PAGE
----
Talk to anyone who studies the U.S. truck market, and you'll hear a prevailing message that customers care about strong performance figures – not high-mpg ratings or other efficiency measures – when they buy a truck. For the most part, trucks are still for people who need to get stuff done, and this stuff need to get done no matter where gas prices are. As Ram CEO Fred Diaz once said, "Truckers don't want to buy hybrids."

Still, there's a good case to be made that fuel-efficient trucks will be more and more important as gas prices continue to climb in the future, and so it makes sense that Chrysler is still testing its Ram 1500 plug-in hybrid pick-up truck. This time, Chrysler is giving ten PHEV Ram 1500 pickups to Detroit-area utility DTE Energy as part of a project with the U.S. Department of Energy. The trucks will be used for three years, gaining "real world city miles" as they "evaluate city drive cycles, charging performance, fuel economy and real-world performance." The trucks use a liquid-cooled 12.9-kWh lithium ion battery pack from Electrovaya and a 6.6 kW on-board charger for the plug-in side combined with a 5.7-liter HEMI V8 engine and a two-mode hybrid transmission.

Chrysler is also testing more trucks in other areas, for a total of 140 nationwide. Over 100 are already deployed but there are no plans to put the PHEV into production. So, basically, even with the tests, it looks like the truck market isn't going to get a plug-in Chrysler product any time soon. There is a hint that a more consumer-friendly Pentastar PHEV may be coming, though, as Chrysler is developing a fleet of 25 Town & Country PHEV minivans.
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Chrysler Group LLC Providing DTE Energy with Test Fleet of 10 PHEV Ram 1500 Pickup Trucks

• Plug-in hybrid electric vehicles (PHEV) will be supplied to DTE Energy as part of a demonstration project by Chrysler Group LLC
• Real world city miles to be accumulated on demonstration vehicles over the next three years
• Fleet of vehicles developed in partnership with U.S. Department of Energy
• Ram 1500 plug-in electric hybrid test trucks will be used to evaluate city drive cycles, charging performance, fuel economy and real-world performance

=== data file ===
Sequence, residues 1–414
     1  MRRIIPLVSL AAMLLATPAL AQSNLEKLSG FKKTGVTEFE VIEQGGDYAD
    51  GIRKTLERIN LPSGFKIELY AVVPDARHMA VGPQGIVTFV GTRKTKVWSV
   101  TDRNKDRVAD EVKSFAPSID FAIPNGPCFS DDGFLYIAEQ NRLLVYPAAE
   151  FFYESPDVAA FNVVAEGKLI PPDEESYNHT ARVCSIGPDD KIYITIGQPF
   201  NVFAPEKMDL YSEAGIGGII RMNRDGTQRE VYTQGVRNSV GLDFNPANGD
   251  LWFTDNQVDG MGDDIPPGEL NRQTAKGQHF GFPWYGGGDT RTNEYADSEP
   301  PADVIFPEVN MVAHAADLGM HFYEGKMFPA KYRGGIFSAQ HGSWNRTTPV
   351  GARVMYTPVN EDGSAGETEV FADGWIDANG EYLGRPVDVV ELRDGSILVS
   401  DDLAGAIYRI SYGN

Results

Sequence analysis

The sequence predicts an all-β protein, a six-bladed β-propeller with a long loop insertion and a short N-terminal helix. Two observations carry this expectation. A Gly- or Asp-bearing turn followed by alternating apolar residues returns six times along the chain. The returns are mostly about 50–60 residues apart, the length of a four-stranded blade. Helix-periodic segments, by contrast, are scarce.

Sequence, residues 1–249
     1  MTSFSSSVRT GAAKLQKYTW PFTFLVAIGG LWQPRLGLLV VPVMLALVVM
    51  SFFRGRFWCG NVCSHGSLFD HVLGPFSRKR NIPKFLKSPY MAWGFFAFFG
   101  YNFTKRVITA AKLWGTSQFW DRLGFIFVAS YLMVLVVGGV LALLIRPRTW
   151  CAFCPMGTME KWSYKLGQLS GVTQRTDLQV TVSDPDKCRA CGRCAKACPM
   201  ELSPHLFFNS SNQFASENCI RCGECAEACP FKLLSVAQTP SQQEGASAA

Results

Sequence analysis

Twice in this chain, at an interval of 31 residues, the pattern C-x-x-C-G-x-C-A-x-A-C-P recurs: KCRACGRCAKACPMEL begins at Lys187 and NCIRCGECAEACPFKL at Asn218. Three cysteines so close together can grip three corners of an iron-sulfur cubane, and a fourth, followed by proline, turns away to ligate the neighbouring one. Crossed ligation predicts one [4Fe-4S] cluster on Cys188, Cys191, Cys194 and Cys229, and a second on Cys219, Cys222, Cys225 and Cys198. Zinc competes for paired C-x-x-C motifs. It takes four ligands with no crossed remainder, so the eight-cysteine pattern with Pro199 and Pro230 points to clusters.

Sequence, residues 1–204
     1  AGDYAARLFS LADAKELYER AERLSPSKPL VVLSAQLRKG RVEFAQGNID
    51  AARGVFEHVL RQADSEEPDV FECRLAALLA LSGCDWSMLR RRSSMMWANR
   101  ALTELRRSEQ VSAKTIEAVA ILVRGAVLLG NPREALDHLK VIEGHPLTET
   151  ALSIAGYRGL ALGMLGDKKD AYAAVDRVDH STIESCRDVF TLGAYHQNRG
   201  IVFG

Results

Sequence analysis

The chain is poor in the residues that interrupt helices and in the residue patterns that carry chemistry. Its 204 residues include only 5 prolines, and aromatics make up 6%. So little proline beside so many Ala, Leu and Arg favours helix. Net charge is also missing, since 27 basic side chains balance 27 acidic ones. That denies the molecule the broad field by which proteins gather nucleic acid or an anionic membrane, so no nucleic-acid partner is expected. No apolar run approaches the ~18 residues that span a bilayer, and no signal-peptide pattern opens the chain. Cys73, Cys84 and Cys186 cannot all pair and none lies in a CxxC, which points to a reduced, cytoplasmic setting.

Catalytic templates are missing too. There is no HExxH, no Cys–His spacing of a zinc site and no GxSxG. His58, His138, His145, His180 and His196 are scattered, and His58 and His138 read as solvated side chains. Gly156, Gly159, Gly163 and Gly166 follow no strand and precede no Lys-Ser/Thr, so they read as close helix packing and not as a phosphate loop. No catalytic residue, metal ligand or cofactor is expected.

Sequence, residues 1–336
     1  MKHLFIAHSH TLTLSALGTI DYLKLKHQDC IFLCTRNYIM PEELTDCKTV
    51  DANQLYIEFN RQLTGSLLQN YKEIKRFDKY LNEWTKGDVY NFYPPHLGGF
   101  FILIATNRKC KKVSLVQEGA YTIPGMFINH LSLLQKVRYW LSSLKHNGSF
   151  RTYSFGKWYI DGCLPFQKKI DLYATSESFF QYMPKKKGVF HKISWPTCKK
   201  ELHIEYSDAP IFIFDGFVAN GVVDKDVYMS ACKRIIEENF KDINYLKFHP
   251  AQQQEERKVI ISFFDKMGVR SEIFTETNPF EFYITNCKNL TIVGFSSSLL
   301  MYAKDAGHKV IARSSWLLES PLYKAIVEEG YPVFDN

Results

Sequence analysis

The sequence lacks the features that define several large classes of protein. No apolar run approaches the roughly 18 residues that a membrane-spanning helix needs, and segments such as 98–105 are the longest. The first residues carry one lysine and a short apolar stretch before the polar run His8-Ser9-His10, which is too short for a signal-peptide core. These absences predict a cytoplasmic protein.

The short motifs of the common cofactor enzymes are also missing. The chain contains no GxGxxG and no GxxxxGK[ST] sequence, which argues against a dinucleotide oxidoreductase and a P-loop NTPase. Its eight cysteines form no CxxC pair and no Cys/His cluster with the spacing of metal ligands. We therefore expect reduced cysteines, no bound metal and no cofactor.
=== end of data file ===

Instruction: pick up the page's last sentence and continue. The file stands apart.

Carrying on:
December 15, 2011 , Auburn Hills, Mich. - Chrysler Group LLC, working in partnership with the U.S. Department of Energy (DOE), will deliver 10 demonstration fleet Ram 1500 plug-in hybrid electric vehicle (PHEV) pickup trucks to DTE Energy of Detroit.

The PHEV Ram 1500 pickups, delivered by Abdullah Bazzi, senior manager of the Chrysler Group's advanced hybrid vehicle project, are part of a national demonstration fleet of 140 vehicles that will be used during the next three years to evaluate customer usage, drive cycles, charging, thermal management, fuel economy, emissions and impact on the region's electric grid. In addition to DTE Energy of Detroit, more than 100 vehicles have been delivered to 16 different cities in the past six months.

"Cities have been carefully selected to help the Chrysler Group LLC collect a wide range of data," explained Abdullah Bazzi, senior manager of Chrysler's advanced hybrid vehicle project. "Working with a local energy partner like DTE that is in our backyard offers a great combination of suburban and rural driving, as well as ever-changing Michigan weather, is ideal as a test cycle for these vehicles. The constant charging will allow us to measure the impact on battery life and charging efficiency."

Chrysler Group LLC began delivering Ram 1500 PHEV trucks to the city of Yuma, Ariz., in May, 2011 to take full advantage of hot weather and conduct thermal testing in the desert southwest. Other cities that have received the demonstration Ram 1500 pickups include San Francisco and Sacramento, Calif., Charlotte, N.C., Boston, Mass., and Albany, N.Y. Just recently, the New York Police Department also took delivery of five PHEV Ram 1500 PHEV trucks.

"The trucks will provide us with a glimpse of what kind of fuel savings cans be afforded with PHEV technologies so we can, at some point, make our truck fleet more environmentally friendly," said Trevor Lauer, DTE Energy vice president Marketing and Renewables. "We'll be using the trucks at our service centers and in the field at our renewable energy facilities."

Strictly a demonstration program, there are no plans for a production version of the PHEV Ram 1500 trucks at this time.
Cities and states were selected to evaluate temperature extremes, urban traffic cycles and diverse climates and geographies.